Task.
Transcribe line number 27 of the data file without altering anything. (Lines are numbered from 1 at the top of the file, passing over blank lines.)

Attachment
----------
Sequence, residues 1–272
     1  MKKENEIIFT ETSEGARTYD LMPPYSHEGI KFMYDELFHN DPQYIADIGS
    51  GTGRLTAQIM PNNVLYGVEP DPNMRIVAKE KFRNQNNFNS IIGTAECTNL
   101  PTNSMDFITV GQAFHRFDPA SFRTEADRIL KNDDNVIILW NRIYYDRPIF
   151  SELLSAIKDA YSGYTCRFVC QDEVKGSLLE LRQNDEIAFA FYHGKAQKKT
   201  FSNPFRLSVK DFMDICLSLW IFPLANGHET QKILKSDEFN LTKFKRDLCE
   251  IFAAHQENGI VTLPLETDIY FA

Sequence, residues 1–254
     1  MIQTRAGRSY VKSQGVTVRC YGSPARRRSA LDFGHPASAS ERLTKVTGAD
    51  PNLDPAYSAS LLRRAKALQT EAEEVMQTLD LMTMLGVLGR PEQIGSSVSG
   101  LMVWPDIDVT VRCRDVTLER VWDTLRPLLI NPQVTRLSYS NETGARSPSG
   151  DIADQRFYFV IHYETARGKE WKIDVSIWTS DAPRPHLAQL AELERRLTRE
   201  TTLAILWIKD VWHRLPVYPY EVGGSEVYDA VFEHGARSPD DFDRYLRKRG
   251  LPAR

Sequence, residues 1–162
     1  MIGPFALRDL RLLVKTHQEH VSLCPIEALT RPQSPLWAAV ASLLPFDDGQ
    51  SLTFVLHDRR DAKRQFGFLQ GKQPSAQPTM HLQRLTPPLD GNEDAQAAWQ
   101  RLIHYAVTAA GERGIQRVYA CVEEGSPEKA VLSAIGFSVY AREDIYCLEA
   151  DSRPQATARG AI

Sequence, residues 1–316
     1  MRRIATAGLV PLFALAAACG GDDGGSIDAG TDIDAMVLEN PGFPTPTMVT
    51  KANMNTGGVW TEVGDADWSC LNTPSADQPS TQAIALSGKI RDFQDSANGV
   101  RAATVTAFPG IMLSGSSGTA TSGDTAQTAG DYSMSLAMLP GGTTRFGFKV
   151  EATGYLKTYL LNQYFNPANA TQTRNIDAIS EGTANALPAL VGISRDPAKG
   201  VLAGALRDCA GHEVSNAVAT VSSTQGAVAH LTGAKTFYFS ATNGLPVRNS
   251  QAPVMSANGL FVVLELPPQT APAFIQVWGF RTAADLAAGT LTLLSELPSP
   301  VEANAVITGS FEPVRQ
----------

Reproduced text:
   301  VEANAVITGS FEPVRQ